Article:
Adkins Arboretum’s 2018 Juried Art Show on View through March 30

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“The Scout” by Baltimore artist Karen Klinedinst.

There’s a powerful sense of the spirit of the Eastern Shore in Discovering the Native Landscapes of Maryland’s Eastern Shore, Adkins Arboretum’s nineteenth annual Juried Art Show. On view in the Arboretum Visitor’s Center through March 30, the show celebrates the Arboretum’s conservation mission and captures multiple aspects of our landscapes and waterscapes, from the familiar to the playful to the stunningly beautiful.

The show was juried by Benjamin T. Simons, director of Easton’s Academy Art Museum. Both he and the artists will be on hand for a reception from 3 to 5 p.m. on Sat., Feb. 10 to talk with visitors about the work in the show.

From 115 entries submitted by 45 artists from Maryland, Delaware, Virginia, Georgia and Washington, D.C., Simons chose 23 works for this show.

“I was mindful that the works would cohere as an exhibit and also relate to our landscape,” he explained. “There are various traditions represented, like plein-air, pastel, oil and sculpture, and I was glad to see there’s an etching because we’re introducing etching at the Museum, and there are some nice drawings, as well. A skillful drawing is really a pleasure.”

Simons awarded the annual first-prize Leon Andrus Award, named in honor of the Arboretum’s first benefactor, to Baltimore artist Karen Klinedinst for her three haunting photographs shot and processed on her iPhone. Although her work was new to him, Klinedinst is a frequent visitor to the Arboretum, photographing its grounds and teaching workshops in iPhoneography. Taken at the tidal Black Marsh Natural Area in the upper Chesapeake, this trio of photographs focuses on egrets in the expanse of their native habitat and calls to mind the radiant beauty and nuanced details of nineteenth-century Romantic paintings.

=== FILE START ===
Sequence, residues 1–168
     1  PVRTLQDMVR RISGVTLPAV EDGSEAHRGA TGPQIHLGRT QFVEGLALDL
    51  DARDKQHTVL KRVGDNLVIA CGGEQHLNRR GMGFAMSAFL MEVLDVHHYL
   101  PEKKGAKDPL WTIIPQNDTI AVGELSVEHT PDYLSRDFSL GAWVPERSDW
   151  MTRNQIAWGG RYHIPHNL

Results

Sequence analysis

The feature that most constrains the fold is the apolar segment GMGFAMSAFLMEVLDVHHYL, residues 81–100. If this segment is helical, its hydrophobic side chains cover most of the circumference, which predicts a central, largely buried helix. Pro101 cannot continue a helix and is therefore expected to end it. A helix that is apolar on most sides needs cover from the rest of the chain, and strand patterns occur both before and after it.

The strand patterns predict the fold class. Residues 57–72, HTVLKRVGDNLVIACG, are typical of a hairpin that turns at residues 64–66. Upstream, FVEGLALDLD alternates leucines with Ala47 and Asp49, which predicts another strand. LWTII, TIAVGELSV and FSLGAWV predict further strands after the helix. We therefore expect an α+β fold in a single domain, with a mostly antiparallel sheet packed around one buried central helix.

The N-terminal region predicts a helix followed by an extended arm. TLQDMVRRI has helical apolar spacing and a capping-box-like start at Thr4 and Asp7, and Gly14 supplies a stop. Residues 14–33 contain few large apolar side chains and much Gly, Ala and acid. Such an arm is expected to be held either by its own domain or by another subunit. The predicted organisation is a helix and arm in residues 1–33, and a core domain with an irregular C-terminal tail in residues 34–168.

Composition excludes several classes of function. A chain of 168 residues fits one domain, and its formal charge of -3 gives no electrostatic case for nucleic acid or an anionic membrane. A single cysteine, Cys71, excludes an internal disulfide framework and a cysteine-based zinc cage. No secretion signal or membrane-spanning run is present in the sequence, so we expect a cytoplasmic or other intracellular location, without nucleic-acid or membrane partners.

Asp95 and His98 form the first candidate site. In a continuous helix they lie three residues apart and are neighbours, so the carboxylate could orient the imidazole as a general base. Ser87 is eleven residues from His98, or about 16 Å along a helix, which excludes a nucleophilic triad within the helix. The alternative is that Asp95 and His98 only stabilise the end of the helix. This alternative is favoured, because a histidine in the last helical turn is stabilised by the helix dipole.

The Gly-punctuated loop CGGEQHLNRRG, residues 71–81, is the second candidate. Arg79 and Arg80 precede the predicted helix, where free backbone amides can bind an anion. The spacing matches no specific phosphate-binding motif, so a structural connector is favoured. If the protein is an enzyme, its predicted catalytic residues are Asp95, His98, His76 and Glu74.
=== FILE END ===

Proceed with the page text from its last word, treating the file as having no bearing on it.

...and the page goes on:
Speaking of the luminescent quality of Klinedinst’s work, Simons said, “To me, it has a kind of ‘nature-photography-meets-Civil-War-era-photography’ feeling, and that’s what I found so appealing about it. They’re printed on vellum with white gold leaf, which gives them really a special glow.”

Simons awarded the Leon Andrus second prize to Francesca Blythe of Potomac for “Wood Shell,” a sweeping driftwood sculpture burnished with velvety smoothness to a deep warm brown.

“She’s seeing something there that’s very spectacular,” he said. “It’s got an elegance of line to it, sort of a pointing finger quality, kind of an ancient hand, or a dragon head.”

Simons also awarded three Honorable Mentions, choosing two paintings and a drawing. The drawing, “Silhouette: Caledon Marsh I” by Donna Frostick of Henrico, Va., is a very unusual work made with a Sharpie marker. Drawn with intricate strokes of stark black on bright white paper, it hums with energy.

“Wood Shell” by Potomac artist Francesca Blythe.

“It’s a strange effect that that produces,” Simon commented. “It’s funny because you get a reflection off the water just by leaving it blank.”

The two paintings he chose are very different from one another. “Pioneer Point,” by Washington artist Carol Rowan, is a skillful and meticulous rendering in oil paint of a traditional Eastern Shore scene with two workboats moored in a quiet cove. “Foggy July (Leonard Cove, Trappe, MD),” by David Leonard of Easton, is also an oil painting, but its loose, spontaneous style captures a momentary impression of a small dock and pilings shimmering in the heat and humidity of a summer day. Simons was pleased to find such singularly varied approaches to the Eastern Shore landscape.

“That’s probably what unifies the show the most, the sense of place,” he commented. “Almost all of them convey a sense of place that’s one of the most powerful parts of living here.”